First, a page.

Coppersmith method

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The Coppersmith method, proposed by Don Coppersmith, is a method to find small integer roots of polynomial equations. These polynomials can be univariate or bivariate. In cryptography the algorithm is mainly used in attacks on RSA when parts of the secret key are known.

The method uses the Lenstra–Lenstra–Lovász lattice basis reduction algorithm (LLL) to find a polynomial that has the roots of the target polynomial as roots and has small coefficients.[1]


Coppersmith’s method is based on lattice reduction. A lattice L is a subgroup of . Also there exists a k such that , where is a basis of L. The LLL algorithm computes a basis of short vectors. If k=n, the determinant of the lattice is given by det(L)=det(B); in general .

For any LLL reduced basis it holds that .[2]

Let and assume that for some integer . Coppersmith’s algorithm can be used to find this integer solution .

Finding roots over Q is easy using e.g. Newton's method but these algorithms do not work modulo a composite number M. The idea behind Coppersmith’s method is to find a different polynomial related to F that has the same as a solution and has only small coefficients. If the coefficients and are so small that over the integers, then is a root of F over Q and can easily be found.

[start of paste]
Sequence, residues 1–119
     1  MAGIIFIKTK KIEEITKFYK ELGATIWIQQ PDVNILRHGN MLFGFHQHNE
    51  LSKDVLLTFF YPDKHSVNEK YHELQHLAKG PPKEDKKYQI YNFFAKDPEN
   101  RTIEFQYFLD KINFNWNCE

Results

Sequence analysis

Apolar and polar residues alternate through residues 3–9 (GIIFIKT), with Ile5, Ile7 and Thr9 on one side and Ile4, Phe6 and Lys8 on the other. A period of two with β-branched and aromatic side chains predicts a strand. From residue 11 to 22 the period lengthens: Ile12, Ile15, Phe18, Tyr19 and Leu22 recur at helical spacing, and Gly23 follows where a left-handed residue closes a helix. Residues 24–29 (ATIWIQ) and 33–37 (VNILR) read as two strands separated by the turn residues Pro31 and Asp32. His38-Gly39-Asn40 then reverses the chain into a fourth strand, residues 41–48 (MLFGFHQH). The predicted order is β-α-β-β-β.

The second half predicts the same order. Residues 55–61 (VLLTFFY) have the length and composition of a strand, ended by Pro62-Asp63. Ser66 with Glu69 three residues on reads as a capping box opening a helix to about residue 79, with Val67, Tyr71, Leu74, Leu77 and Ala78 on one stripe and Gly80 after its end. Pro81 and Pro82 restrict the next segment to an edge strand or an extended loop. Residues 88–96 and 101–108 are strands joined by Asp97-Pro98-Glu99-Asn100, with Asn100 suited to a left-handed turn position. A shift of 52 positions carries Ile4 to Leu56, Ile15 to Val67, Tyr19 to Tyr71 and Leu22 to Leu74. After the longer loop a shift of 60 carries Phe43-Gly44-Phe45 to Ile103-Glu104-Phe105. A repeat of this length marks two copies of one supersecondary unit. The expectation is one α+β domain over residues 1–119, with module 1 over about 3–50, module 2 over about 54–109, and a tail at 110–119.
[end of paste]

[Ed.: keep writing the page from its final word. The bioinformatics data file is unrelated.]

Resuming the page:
Computing small roots

Coppersmith’s approach is a reduction of solving modular polynomial equations to solving polynomials over the integers. Coppersmith's algorithm uses LLL to construct the polynomial with small coefficients.

Given F, the algorithm constructs polynomials that have the same as root modulo , where a is some integer chosen dependent on the degree of F and the size of . Any linear combination of these polynomials has as root modulo .

The next step is to use the LLL algorithm to construct a linear combination of the so that the inequality holds. Now standard factorization methods can calculate the roots of over the integers.

See also


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